Banner MD Anderson patients experience customized, comprehensive and compassionate cancer care in Gilbert, Arizona. Patients have a team of experts who understand the nuances of each type of cancer to develop a treatment plan based on his or her unique needs. Our cancer experts include medical oncologists, surgeons, radiation oncologists, physician specialists, nurses and clinical support staff. Clinical nurse navigators work closely with patients, guiding them through their first visit and serving as a single point of contact throughout their care.
Self-parking is available on the north side of the facility.
RV Parking and Other Lodging
To accommodate the families of patients who have traveled to the Phoenix area to get treatment at Banner MD Anderson Cancer Center, limited RV parking spaces are available on a first come, first serve basis. To reserve a space, please call us at (480) 256-6444 and ask for Security.
There are also several hotels that are located near our campus. You can speak with your clinical navigator or patient financial services specialist and they will assist you in making arrangements.
Boutique of Hope and Gift Shop
The Boutique of Hope, located on the 2nd floor, is a specialty shop that offers an array of products designed to enhance appearance, boost self-confidence and help make the recovery process more comfortable. Our gift shops have just what you need, learn more.
The Salt River Bistro is located in the main lobby and offers sandwiches, salads and soups as well as a full coffee bar.
For more than 70 years, MD Anderson has been defined by a single, powerful idea – to eliminate cancer in Texas, the nation and the world through outstanding programs that integrate patient care, research, prevention and education. Now, this powerful commitment to cancer care is available to Arizona residents faced with a cancer diagnosis. Banner Health and The University of Texas MD Anderson Cancer Center opened the Banner MD Anderson Cancer Center on Sept. 26, 2011 on the campus of Banner Gateway Medical Center in Gilbert, Arizona. The center joins Banner Health, one of the country’s largest nonprofit hospital systems, with MD Anderson, internationally renowned for its cancer treatment and research, to deliver unprecedented levels of cancer care in Arizona.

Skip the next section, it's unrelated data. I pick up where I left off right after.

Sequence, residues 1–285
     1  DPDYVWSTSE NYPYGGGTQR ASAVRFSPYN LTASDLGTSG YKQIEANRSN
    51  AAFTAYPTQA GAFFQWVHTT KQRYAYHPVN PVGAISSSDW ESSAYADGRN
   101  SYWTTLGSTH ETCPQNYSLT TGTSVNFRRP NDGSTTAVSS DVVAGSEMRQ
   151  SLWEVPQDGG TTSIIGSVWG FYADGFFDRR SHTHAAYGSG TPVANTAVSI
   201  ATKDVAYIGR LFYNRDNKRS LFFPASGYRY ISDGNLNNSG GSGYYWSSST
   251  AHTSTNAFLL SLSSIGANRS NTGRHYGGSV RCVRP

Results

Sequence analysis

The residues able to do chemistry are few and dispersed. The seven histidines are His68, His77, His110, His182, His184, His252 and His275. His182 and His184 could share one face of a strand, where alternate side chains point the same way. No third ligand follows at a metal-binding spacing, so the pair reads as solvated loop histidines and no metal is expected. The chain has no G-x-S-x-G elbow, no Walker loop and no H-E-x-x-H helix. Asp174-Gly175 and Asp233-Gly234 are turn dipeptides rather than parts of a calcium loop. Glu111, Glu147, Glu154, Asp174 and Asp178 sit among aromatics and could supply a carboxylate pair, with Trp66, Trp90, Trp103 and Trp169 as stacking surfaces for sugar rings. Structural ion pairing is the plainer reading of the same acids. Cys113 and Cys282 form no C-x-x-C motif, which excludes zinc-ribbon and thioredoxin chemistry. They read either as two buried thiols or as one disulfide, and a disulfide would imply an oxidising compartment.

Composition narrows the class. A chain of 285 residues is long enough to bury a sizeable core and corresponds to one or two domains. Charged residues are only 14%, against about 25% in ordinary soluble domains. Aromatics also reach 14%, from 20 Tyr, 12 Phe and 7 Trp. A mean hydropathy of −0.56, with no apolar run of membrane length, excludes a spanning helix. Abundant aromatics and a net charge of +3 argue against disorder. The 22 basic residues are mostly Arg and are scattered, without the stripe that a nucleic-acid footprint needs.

Symbols of Hope - From the Tree of Hope in the main lobby to the Lantern of Hope that lights up the night sky, symbols of hope are all around at Banner MD Anderson Cancer Center. But hope is more than a word at the cancer center. It is a symbol of the empowerment patients have to participate in their care.
Lantern of Hope - Patients, families and staff are greeted by the Lantern of Hope, a four-story aluminum luminaria that glows a rainbow of colors. The luminaria features cutouts shaped like the Palo Verde tree, considered a “nursing plant” for the shelter it provides other desert flora and fauna. The lantern represents the compassionate and dedicated experts who provide shelter and who nurture the patients inside, giving them the hope and strength they need while dealing with their health challenges.
Tree of Hope - Patients and visitors are encouraged to tie colored ribbons to the Tree of Hope in recognition of those touched by cancer. The Tree of Hope was donated by the Cancer Center’s first CEO Pam Nenaber as a symbol of hope and compassion.
Garden of Hope - The Garden of Hope provides a momentary escape from treatment for patients and families. Three gardens – the Water, Zen and Togetherness gardens – symbolize the journey patients and their families often travel. The Water Garden creates a tranquil environment representing the beginning of the cancer journey, while stepping stones in the Zen Garden resemble challenges patients face along their journey. The Togetherness Garden is designed for patients and families to gather and reflect on their journey as they look upon the Togetherness Sculpture representing the survivor, their family and friends.
Radiation Bell - The Soleri bell, created by the artisans at Arcosanti, is the final symbol of hope. Patients ring the bell at the completion of their radiation treatment, symbolizing the end of the long, difficult journey they have endured. Irve “Chuck” Le Moyne, a cancer survivor and donator of the original bell at The University of Texas MD Anderson Cancer Center in Houston, began the bell-ringing tradition to give patients a much-needed sense of closure after completion of radiation therapy. Patients also read his original poem: “Ring this bell, three times well, its toll to clearly say/My treatment’s done, this course is run, and I am on my way!”
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